Who tries to solve big problems like fixing Colorado’s roads, shoring up the state pension system and rescuing the state’s civil rights commission in just 48 hours? Colorado’s 100 legislators, of course.
The 2018 session of the Colorado General Assembly may have convened on Jan. 10, but it didn’t finish most of its biggest tasks until the last two days of the session, which adjourned May 9.
Legislators have an innate tendency to procrastinate, and crafting political compromises takes time, particularly when Republicans control the Senate and Democrats run the House. And legislative leaders, particularly in the House, didn’t do a great job of managing workflow and the calendar, not to mention the number of bills. Some 721 bills were introduced, the highest total in at least a decade and probably longer.
Lawmakers started the 2018 legislative session with a big stack of cash and a short list of very tricky issues.
The extra tax revenue provided by a booming state economy allowed lawmakers to pass one of the most generous budgets in years. They also made a $225 million down payment on strengthening the pension system, set aside $500 million for transportation projects and gave schools $180 million more than the school-funding formula requires.
But it wasn’t easy. The final votes on the pension rescue were tallied with less than an hour to go on May 9, the last day. Also accomplished in the waning hours was a clutch compromise on board membership that renewed the Colorado Civil Rights Commission, which was set to expire under the state’s sunset law.
Lawmakers also consumed a lot of time that day on tributes to departing members, satirical skits and general long-windedness.
Agreement eluded lawmakers on one hot-button issue that surfaced late in the session – creation of procedures for confiscating guns from the mentally ill.
Among other top issues this session were the opioid addiction crisis and teacher shortages. Lawmakers discussed those issues all session, and some funding was provided. Some restrictions on opioid prescriptions were passed. But a proposed safe injection clinic in Denver was defeated. Most observers agree that neither set of bills will move the needle dramatically on either issue.
Paying for roads
Lawmakers have been wrestling with this issue for several sessions. Highway officials put the cost of necessary improvements at $9 billion over the next decade.
But the two parties have disagreed on how to pay for all that. Republicans believe some existing state revenues can be diverted for transportation, including enough money to pay off long-term bonds. Democrats fear that earmarking general revenues for roads would squeeze budgets for schools and other programs during future economic downturns. They’ve supported asking voters for a transportation tax increase.
Republicans made the first bid with Senate Bill 18-001. Discussions went back and forth all session. Finally House Speaker Crisanta Duran and Senate President Kevin Grantham crafted a compromise that was accepted by the Democratic majority in the House and all 35 senators on the session’s second-to-the-last day.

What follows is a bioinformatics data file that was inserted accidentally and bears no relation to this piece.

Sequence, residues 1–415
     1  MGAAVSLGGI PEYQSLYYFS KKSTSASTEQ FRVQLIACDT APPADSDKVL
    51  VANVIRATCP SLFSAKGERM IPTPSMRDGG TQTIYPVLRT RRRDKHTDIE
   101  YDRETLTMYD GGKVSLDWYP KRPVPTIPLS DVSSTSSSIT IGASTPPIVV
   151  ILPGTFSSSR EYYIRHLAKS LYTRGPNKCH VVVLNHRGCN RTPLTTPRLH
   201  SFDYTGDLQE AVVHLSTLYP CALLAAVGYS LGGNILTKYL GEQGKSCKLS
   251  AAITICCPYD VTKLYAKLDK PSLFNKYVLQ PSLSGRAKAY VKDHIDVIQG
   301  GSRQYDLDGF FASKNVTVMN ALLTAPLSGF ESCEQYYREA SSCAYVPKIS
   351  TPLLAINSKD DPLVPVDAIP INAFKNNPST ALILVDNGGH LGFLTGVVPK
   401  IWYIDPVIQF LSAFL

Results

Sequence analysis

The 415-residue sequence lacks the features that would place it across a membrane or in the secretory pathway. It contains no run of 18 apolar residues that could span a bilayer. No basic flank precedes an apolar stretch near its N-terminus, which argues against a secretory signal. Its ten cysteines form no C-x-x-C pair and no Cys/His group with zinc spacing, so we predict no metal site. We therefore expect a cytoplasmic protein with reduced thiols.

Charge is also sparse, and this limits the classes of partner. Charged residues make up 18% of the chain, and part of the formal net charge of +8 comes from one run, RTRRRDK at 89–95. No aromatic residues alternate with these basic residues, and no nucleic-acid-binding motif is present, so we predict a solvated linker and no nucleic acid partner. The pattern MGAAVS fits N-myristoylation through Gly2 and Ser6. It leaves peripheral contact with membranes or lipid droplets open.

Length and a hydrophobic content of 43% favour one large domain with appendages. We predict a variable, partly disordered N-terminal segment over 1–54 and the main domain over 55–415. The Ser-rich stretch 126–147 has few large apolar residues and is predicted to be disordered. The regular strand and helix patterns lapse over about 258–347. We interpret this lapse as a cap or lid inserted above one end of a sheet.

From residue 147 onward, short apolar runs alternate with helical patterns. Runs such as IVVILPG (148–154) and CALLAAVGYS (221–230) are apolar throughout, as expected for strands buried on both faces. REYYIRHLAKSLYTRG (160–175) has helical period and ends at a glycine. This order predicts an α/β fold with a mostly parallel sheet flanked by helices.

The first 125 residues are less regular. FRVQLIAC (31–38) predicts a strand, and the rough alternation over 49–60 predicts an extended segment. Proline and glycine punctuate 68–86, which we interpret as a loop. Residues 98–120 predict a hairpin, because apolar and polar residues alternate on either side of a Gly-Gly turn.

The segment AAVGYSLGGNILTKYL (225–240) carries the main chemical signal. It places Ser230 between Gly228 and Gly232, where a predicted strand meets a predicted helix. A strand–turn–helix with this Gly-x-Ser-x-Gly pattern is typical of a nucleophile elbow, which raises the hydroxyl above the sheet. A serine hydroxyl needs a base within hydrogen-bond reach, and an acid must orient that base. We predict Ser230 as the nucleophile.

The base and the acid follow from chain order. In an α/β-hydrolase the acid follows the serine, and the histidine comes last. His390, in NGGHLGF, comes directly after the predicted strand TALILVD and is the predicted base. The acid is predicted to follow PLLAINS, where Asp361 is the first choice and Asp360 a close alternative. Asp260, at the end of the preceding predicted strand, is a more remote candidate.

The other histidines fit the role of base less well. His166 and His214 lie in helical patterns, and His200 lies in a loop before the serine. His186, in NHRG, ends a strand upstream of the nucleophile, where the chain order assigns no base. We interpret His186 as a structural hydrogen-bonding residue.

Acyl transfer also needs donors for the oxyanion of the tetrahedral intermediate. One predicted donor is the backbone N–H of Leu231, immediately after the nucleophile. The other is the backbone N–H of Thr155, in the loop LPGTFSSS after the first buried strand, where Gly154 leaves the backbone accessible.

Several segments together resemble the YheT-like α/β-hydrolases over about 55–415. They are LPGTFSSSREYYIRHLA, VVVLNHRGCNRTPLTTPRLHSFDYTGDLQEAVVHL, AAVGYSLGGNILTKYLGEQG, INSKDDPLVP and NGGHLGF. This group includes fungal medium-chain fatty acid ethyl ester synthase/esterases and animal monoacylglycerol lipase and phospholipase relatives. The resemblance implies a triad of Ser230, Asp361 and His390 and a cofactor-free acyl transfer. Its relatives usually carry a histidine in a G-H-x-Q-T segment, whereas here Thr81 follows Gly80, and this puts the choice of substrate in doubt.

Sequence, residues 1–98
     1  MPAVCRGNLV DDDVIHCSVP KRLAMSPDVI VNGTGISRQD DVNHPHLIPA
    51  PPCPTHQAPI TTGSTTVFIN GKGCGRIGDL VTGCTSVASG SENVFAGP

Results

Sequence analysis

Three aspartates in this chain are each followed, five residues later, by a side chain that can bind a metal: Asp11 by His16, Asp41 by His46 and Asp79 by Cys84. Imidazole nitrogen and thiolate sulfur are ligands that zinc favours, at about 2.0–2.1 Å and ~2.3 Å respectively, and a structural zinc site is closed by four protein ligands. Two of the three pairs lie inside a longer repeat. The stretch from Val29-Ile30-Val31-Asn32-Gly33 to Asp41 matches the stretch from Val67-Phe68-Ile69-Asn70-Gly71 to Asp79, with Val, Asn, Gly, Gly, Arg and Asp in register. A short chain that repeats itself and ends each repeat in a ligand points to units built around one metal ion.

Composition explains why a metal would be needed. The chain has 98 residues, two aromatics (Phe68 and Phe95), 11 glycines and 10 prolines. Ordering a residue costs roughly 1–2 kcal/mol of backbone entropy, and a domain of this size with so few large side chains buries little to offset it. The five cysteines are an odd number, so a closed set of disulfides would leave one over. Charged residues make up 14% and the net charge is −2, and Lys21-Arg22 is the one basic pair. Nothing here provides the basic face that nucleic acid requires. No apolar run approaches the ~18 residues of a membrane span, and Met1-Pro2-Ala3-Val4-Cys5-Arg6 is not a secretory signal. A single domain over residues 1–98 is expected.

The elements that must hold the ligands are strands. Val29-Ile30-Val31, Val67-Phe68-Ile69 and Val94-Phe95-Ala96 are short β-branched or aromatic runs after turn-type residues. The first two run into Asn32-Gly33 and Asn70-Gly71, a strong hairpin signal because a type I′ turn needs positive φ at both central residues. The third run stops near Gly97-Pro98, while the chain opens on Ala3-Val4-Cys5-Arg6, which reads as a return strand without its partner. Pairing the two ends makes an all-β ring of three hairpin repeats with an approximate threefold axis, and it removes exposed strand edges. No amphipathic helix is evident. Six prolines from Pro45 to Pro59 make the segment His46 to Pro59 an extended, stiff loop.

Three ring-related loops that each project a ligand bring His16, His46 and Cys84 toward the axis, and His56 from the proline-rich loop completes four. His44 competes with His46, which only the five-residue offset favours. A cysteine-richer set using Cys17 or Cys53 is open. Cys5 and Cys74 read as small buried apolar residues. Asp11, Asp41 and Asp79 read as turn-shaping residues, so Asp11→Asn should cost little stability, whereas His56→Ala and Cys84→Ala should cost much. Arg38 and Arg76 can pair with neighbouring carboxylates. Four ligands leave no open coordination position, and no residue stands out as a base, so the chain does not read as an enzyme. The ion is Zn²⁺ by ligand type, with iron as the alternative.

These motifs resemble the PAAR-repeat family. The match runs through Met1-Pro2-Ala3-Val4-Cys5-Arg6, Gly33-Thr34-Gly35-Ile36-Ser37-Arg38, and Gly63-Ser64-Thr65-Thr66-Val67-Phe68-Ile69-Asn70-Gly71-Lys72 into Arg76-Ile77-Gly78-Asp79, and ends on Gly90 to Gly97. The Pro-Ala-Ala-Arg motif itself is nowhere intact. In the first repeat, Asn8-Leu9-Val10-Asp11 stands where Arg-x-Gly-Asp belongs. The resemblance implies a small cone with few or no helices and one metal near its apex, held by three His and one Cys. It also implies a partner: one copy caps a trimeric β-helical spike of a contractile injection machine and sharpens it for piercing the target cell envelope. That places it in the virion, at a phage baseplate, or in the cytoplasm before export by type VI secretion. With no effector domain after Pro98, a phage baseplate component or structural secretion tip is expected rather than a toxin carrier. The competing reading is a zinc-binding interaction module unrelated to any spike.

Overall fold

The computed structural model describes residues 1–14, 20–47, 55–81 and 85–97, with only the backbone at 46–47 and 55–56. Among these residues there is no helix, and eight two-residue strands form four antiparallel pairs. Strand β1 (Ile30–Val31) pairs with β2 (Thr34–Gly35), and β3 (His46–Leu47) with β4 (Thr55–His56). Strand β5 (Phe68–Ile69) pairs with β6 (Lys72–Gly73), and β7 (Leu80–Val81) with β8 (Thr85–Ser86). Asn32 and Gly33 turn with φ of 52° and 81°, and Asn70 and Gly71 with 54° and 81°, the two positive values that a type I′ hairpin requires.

The final version of the bill could put almost $3 billion in transportation over the next two decades, including $645 million of transfers from the state General Fund over the next two years. If voters approve a $2.3 billion bonding plan in 2019 then $122.6 million a year would be taken from the General Fund to help repay the bonds.
Everyone pays to shore up pension system
As with transportation, almost everybody agreed something had to be done to shore up the long-term financial health of the Public Employees Retirement Association. But the conflicting interests of state employees, teachers, retirees and employers like the state and school districts made it hard to find compromise.
Backroom negotiations consumed the session’s last day, and the Senate Bill 18-200 compromise didn’t jell until the session’s final two hours. It passed both chambers, although Gov. John Hickenlooper had to coax Democrats to support the plan during a hastily called caucus. The Colorado Education Association opposed the plan, and most of the no votes were Democrats.
The bill increases employee contributions by 2 percentage points. Employers like the state and school districts also will pay more. Annual cost of living increases will be pared to 1.5 percent for retirees, and the retirement age was raised to 64 from 60 for state employees and from 58 for teachers. State workers will be offered a defined-contribution option, but not teachers.
Schools get a welcome boost
Total program funding, the amount of state and local revenues allocated for basic school operating costs, is projected to be $7.08 billion in 2018-19, a $460.9 million increase over the current budget.
That includes a $150 million reduction in the Budget Stabilization (BS) Factor—the term now used instead of “Negative Factor.” That would bring the BS Factor to $672 million in 2018-19.
The funding plan translates to an average per-pupil figure of $8,137, a $475 increase.
Sexual harassment issue overshadows session
Sexual harassment allegations that surfaced six months ago cast a shadow over the session, led to the expulsion of one member and mild punishment for another. And over the summer legislative leaders will be discussing a late-session report by an outside consultant that found an unhealthy culture of harassment at the Capitol.
Todd Engdahl runs Capitol Editorial Services, a research company that provides services to lobbying firms and advocacy groups at the Colorado legislature. He’s a former executive city editor of The Denver Post, launched DenverPost.com and was a co-founder of the website Education News Colorado.